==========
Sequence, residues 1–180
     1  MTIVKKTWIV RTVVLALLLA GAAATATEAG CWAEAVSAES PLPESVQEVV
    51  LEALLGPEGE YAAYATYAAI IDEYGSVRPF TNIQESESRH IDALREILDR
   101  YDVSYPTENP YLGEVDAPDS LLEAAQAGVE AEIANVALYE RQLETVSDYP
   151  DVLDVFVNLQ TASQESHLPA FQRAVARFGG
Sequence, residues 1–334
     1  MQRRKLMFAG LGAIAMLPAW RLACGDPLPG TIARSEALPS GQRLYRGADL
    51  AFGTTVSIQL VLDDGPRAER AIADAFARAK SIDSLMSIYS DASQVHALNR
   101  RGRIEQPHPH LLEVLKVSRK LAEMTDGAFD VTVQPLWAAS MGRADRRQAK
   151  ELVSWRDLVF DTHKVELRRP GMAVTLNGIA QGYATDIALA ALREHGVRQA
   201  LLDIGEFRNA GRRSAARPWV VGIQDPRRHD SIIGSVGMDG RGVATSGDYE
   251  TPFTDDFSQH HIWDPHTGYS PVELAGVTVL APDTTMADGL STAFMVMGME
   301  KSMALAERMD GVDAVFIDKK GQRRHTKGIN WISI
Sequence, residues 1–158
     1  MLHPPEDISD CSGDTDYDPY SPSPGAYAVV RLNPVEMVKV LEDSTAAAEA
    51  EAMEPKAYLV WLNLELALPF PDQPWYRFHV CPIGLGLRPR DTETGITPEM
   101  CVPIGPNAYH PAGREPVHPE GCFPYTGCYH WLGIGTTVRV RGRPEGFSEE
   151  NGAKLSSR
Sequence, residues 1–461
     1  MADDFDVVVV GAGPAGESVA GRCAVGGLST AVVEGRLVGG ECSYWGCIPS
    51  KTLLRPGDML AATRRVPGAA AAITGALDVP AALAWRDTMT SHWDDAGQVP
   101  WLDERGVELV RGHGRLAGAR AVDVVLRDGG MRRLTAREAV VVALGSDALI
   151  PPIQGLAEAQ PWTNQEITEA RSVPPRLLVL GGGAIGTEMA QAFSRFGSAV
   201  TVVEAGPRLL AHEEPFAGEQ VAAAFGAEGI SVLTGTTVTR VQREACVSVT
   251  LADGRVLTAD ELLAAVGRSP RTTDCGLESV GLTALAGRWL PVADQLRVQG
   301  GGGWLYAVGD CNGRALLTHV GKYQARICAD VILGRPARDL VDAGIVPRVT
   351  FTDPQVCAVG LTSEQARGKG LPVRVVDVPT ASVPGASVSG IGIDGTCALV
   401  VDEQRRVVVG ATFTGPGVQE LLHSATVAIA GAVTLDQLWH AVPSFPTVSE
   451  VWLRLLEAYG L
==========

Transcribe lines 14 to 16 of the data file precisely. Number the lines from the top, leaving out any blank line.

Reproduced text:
Sequence, residues 1–158
     1  MLHPPEDISD CSGDTDYDPY SPSPGAYAVV RLNPVEMVKV LEDSTAAAEA
    51  EAMEPKAYLV WLNLELALPF PDQPWYRFHV CPIGLGLRPR DTETGITPEM